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“Shopping at the edge” will expand
Digital, mobile, chatbots, social, curb-side — shopping now happens anywhere and anytime. At Salesforce, we call this phenomenon “shopping at the edge”.
Last year, retailers transformed, replacing most aspects of the physical shopping experience with digital and fast-tracking technologies such as live chat, video, live-streaming, and social shopping.
Looking ahead, with retailers increasingly investing into digital experiences, commerce is expected to become prevalent in emerging channels, such as online gaming. Businesses traditionally reliant on in-person selling will also gradually embrace digital to reach existing and new audiences.
In light of digital-first shopping, the post-purchase digital experience — from convenient payments to embedded service and loyalty — will also be prioritised more than ever.
Physical experiences will rebound, but digital will dominate
The global pandemic accelerated digital change that was already on the horizon, though its artificial nature will slowly (but surely) cause some rebound of physical experiences once life returns to normal.
In anticipation, retailers can modify their in-store shopping experience to drive digital: Imagine shopping in a store as your phone serves up information about a product you’ve been looking at online and directs you to the aisle where it’s located. With tech like this, the store will be a new growth channel for digital.
Additionally, bricks-and-mortars can create fully emotional connections generated by touch — a sense in shopping repressed during the pandemic — through pop-ups, brand collaborations, events and more.
To build the physical-digital bridge, store strategy must be divided into two lanes: efficiency and experiential.
- Efficiency is about seamlessly connecting the digital shopper with products and services, using stores as mini-distribution sites for buy-online, pick-up-in-store (BOPIS) and curb-side pickup.
- Experiential pertains to creating moments that inspire, excite, and take customers on a multi-sensory journey that builds brand affinity and amplification.
Despite in-store shopping expected to rebound, digital-first is still the reality retailers are embracing to build experiences that synergize all touchpoints—whether online or offline.
Personalisation is the new black
Twenty-twenty changed the retail industry forever. Year-long exposure to early promotions, free shipping, and contactless commerce has given customers higher expectations for personalisation, service, and omnichannel transactions. Indeed, 79 per cent of consumers say that the customer experience is as important as a brand’s products and services. Altogether, this shift means that personalisation will take precedence in retail strategy.
Today, consumers are more willing to share their personal information for a more curated experience. When we asked 10,000 consumers what made their favorite brands stand out, the top answer was the capacity to cater to unique needs. The experience that a brand provides through meaningful and relevant communications creates the authenticity that shoppers crave.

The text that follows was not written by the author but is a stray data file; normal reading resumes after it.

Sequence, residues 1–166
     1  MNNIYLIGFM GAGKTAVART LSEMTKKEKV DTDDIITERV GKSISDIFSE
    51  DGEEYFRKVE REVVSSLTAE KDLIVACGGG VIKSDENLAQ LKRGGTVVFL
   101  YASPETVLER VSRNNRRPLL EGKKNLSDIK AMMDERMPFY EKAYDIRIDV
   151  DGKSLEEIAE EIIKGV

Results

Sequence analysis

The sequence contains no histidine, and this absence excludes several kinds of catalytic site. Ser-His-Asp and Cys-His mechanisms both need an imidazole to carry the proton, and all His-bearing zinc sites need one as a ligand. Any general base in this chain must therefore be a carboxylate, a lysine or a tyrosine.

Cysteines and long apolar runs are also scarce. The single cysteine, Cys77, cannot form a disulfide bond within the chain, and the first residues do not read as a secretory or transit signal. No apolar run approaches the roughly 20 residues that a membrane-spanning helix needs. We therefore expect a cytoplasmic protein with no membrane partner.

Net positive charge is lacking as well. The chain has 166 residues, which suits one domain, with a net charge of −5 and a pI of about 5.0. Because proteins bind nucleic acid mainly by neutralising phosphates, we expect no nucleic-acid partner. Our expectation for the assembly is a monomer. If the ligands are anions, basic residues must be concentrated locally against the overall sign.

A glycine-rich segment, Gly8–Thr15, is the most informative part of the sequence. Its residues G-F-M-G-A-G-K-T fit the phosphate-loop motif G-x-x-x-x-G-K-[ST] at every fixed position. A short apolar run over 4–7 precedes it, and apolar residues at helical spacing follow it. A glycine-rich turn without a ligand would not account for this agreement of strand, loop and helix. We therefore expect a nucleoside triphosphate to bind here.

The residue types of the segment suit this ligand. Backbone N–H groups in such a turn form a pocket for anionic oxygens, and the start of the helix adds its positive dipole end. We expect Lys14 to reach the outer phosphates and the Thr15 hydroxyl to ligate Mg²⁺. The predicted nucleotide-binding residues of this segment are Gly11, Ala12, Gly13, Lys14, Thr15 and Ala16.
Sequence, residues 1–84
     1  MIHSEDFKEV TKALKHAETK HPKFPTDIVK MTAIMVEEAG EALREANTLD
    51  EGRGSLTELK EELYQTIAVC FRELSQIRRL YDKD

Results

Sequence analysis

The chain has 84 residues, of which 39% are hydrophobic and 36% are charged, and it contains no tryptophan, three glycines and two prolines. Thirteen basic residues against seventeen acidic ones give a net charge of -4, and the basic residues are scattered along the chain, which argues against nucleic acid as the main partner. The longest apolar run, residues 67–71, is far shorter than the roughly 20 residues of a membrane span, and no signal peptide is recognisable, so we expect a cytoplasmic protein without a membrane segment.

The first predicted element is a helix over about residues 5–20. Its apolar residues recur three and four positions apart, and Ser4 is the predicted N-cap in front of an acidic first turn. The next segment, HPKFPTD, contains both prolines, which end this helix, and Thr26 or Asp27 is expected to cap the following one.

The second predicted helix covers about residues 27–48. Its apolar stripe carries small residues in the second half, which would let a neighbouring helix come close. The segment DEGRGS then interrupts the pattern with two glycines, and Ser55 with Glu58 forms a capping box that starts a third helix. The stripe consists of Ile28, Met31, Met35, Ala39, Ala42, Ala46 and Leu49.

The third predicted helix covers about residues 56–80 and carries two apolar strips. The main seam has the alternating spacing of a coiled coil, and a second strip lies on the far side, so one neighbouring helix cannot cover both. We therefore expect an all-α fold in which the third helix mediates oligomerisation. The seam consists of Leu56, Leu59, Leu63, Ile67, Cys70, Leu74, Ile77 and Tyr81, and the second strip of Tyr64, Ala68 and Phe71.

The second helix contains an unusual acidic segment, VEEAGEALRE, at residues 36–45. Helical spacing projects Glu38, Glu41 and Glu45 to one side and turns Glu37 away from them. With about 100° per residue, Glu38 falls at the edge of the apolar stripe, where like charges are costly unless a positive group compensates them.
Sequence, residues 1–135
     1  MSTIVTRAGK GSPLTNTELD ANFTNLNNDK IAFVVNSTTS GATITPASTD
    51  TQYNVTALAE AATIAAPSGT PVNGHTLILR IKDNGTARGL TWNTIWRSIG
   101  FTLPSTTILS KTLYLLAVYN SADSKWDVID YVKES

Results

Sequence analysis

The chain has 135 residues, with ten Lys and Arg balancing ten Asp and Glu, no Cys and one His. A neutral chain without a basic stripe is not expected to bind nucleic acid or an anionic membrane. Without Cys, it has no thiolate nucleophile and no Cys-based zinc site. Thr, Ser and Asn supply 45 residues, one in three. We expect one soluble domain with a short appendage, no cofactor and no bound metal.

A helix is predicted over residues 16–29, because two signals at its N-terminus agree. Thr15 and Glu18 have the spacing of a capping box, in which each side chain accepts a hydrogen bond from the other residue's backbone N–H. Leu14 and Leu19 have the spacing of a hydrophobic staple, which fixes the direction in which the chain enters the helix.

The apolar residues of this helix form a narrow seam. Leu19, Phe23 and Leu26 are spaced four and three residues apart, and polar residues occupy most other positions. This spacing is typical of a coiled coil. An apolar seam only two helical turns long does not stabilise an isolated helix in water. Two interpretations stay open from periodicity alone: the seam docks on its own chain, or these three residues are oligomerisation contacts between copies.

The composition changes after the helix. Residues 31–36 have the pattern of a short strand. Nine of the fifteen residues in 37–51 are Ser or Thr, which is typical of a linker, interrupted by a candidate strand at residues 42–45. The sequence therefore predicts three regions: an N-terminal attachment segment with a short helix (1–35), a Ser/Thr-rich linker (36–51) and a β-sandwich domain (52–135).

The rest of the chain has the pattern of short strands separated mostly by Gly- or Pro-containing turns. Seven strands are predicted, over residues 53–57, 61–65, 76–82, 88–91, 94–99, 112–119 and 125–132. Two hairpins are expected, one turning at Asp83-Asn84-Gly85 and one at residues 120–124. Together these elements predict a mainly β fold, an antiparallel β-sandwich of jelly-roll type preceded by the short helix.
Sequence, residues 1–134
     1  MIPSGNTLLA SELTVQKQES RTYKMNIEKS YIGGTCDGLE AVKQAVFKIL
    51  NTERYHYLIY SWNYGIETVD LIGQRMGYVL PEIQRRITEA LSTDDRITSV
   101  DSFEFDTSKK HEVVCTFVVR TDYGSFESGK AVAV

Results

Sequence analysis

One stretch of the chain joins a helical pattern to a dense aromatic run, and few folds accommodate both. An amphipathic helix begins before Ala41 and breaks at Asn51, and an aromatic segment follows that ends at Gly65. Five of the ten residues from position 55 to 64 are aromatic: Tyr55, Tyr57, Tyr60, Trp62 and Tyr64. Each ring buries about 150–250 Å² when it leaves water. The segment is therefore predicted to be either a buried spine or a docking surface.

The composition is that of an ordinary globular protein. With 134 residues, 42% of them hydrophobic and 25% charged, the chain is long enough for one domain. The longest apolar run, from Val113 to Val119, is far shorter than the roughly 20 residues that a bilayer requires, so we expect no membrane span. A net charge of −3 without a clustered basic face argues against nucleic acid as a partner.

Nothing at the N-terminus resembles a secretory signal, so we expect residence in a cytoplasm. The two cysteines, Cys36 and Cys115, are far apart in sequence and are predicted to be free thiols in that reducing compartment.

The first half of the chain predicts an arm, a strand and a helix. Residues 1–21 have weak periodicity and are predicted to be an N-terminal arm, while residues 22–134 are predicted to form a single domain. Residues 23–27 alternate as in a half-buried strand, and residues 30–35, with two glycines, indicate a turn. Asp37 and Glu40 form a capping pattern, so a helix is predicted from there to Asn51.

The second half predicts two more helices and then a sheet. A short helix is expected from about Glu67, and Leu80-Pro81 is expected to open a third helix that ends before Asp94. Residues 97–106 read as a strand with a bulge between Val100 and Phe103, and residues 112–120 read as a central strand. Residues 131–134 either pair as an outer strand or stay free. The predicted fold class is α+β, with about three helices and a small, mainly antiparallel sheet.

To meet these needs, retailers are predicted to power personalisation at scale with well-defined artificial intelligence (AI) strategies. This also means that omnichannel experiences must be personalised and seamless to service customers in any way they want. For example, through an SMS conversation, a shopper might want to receive promotional offers and complete a transaction, but also reach out to the retailer for help.
We’ve learnt this year that the consumer journey is not a funnel, it’s an infinite loop; brands can earn loyalty by nurturing customer relationships at every stage of the journey across channels.
Young consumers will reward uniqueness
Gen Z will continue solidifying itself as the main driver for retail in an all-digital world. It is these digital natives who hauled their parents and grandparents into new shopping behaviors in 2020, driving significant increases in digital sales. While their true spending power may not be recognised yet, their outsized influence will become more omnipresent in industries ripe for disruption.
Today, younger consumers increasingly seek connectedness with a brand — its heritage, what it stands for, and its purpose. Expect retailers to respond with creative collaborations, limited products, and sustainability campaigns to build loyalty and trust.
The road to retail recovery is long and arduous. We’ll realistically see improvements in late 2021 and early 2022 as vaccines rollout and lockdowns ease, allowing shoppers to return to stores but with a solidified affinity for digital connectedness to the brand. Meanwhile, online shopping will continue to grow and remain the norm.